Tuesday, October 22, 2013

Three Designers, Three Parts, One Unique Ring.

For this ring I deserve a monument. A life-sized one!

Hmm, well… considering my actual height (1.50 m on skates and in a hat), it should be “bigger than life”. Maybe double.

The customer was Elle, from Kauno in Lithuania – someone who is also creative and inventive.  And being from Lithuania, it’s inevitable that she would have good taste and style!

Those who work with custom-made jewelry know that from such clients you can get very interesting design requests. But the process of trying to agree on the final design can make you lose all patience.

I understand that process, since I’m an exacting customer myself. So when Elle contacted me, I stocked up on Extra Patience and sat down to look at her sketch.

She knew what she wanted. A gold ring, without stones, made from gold of three colors – white, yellow and rose. The sketches she sent were nicely done, and they were quite doable as far as manufacturing technique.

But none of them produced that feeling of “Wow…” or in the popular Hebrew slang, “Walla!” (That’s it exactly!)

That’s the reaction I aim for in all the ArtLeah designs. This was simply too ordinary, the kind of ring you could find somewhere already made… which would certainly be easier.

Designer One

I started to draw my own sketches.

I somehow ended up with the same result. No “Walla”.

Besides, there was no logic in my designs. That’s a cardinal rule in jewelry creation, and after many years working in High Tech, I already had that rule firmly embedded in my thinking.

It was necessary to show off all three colors of gold. I couldn’t let the design be dominated by just one or two.
I received this order while preparing for our first “Unikity” exhibition with our partner Nikita, a young jeweler who expresses style without effort… and produces logical designs without thinking. I think she has that gift straight from God. So I consulted with Nikita about the challenge.
Designer Two

Nikita eyed the previous design attempts and said, “Let me try.”  The next day her sketch already was on my desk. 

I liked it... and here was the logic I was looking for: an organic interplay of the three colors of gold, not one and not two but all three.
   The client liked the design too. Well, 95 percent of it.
“Make it a little wider here, a bit narrow there, here just a little different...” wrote Elle.
   So we revised the design, sent it back and got the go-ahead to make this one-of-a-kind ring. It seemed logical that Nikita would finish the creation since she designed it. 
Nikita does the whole creation process at once, which doesn’t allow for changes along the way. That’s a high risk for such an exacting client. What if Elle doesn’t like the final result?
   I have gotten used to keeping the customer in the loop at all stages of design and manufacturing, which is made easier by global Internet connections. I decided it would be smarter to make a wax model from the sketch – it will give Elle a preview of the finished article before we invest the time and expensive materials to make it.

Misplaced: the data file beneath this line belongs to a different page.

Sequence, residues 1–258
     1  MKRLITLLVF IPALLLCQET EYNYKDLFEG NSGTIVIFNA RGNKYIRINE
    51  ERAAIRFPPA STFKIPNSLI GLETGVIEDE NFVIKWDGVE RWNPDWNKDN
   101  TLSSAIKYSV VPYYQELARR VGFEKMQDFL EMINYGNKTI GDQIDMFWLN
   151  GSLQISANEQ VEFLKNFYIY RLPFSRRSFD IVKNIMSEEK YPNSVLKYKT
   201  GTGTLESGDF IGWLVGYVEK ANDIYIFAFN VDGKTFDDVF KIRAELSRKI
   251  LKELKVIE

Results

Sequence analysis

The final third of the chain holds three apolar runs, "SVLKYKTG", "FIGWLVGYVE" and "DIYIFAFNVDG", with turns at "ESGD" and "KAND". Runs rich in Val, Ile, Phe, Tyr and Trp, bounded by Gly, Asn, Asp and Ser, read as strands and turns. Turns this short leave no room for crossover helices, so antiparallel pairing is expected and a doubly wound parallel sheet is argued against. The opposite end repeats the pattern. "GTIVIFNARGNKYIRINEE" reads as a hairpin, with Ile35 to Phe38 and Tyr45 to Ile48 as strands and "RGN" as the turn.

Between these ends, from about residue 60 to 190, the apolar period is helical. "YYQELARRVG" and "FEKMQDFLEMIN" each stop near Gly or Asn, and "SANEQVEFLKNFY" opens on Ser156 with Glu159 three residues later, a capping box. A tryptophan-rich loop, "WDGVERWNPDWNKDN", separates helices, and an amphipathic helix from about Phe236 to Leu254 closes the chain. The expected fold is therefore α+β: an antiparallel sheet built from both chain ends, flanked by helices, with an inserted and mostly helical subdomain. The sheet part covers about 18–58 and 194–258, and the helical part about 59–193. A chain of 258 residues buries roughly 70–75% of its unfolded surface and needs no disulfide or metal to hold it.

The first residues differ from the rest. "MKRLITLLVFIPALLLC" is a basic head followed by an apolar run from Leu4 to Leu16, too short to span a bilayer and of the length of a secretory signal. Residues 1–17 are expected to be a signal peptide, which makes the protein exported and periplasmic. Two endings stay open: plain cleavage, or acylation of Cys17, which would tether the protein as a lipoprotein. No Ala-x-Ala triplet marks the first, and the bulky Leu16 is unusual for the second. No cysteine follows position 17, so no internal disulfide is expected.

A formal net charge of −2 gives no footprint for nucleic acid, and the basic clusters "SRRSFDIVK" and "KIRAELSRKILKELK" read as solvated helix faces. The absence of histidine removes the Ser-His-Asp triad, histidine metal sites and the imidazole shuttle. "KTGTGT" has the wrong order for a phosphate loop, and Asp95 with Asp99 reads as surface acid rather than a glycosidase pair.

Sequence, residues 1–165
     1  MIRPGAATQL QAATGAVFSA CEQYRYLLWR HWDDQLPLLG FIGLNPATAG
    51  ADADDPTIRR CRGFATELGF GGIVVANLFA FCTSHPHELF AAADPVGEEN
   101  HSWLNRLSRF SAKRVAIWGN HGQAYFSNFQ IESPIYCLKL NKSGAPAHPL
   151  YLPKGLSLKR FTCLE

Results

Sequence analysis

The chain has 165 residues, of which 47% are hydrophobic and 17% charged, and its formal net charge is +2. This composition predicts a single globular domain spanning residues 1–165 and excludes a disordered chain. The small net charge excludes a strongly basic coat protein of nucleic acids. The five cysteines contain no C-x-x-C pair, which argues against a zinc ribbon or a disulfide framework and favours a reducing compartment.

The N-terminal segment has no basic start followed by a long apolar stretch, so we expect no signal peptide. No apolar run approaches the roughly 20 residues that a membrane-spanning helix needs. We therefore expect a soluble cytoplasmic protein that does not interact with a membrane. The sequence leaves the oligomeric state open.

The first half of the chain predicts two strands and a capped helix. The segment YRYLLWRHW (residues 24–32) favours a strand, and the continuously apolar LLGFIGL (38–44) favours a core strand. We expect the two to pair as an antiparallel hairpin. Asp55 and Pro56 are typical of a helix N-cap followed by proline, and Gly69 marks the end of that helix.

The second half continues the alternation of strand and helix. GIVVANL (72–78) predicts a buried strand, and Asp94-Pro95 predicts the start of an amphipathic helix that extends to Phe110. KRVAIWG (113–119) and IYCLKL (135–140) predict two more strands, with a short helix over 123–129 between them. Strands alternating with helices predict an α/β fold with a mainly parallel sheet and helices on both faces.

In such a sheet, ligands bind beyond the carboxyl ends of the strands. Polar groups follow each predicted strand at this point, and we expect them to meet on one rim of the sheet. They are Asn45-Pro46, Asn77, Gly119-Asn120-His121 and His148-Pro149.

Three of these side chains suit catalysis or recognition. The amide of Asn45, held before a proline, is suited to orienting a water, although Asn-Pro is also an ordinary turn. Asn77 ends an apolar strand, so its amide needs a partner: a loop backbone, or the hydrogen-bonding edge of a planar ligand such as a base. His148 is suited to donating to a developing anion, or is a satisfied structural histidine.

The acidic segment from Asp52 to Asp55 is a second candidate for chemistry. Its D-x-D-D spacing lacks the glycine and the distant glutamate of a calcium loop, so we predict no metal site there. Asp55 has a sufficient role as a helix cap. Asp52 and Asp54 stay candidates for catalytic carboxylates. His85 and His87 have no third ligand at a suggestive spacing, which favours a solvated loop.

I gave the middle stage of this work to the other ArtLeah designer, Natalia, who knows how to accurately translate designs into wax models. Here’s what she made: 
 Elle’s response: “Well, okay, but... we need to increase here, cut away over there, flatten over here, push up a bit on that part….”
Natalia’s second version was what Elle had asked for, but now the design didn’t please me. Deadlock.... How to proceed?
Then I got a “brain storm” idea.
Designer Three
I wrote to Elle: “Make a model of your ring out of dense colored paper and wear it on a finger. That way you will see it in the right size and dimensions, in the real everyday environment – and it will make you more certain about you want.”
So that’s what she did. Except that one more time, the design changed.

This time I decided to make the wax model myself. But instead of consulting with the client again… I took a bold step forward and made the ring in silver. I put a finish on it and sent a photo.
I explained that all the sizes were thickened in this copy and would be reduced; the gold ring would be less massive and more delicate.
Well, finally: “Walla!” It was approved without further remarks.
I continued. From the elastic band that had been used to create the silver ring, I made the final wax model.

Then I dismantled the wax model’s three intertwined pieces and cast each one. Then, after developing these pieces into elastic bands, I made three separate wax models – one from each elastic band.
The three parts of the ring cast separately.

I finished each wax model, and handed it over to be cast in gold.
Well, then it was time to solder the interlocking pieces together, as the design intended. And THEN it was given a finishing process by my new assistant Alex, a professional jeweler.
Only three months had passed, and it was finished.
It was then that everyone saw its true beauty… and the story it told.
The design was a lovely work of art and logic, telling a romantic tale of life and love:

Two different roads, two different people.
Running parallel, missing each other, at last crossing paths. And in the end, one heart for two.

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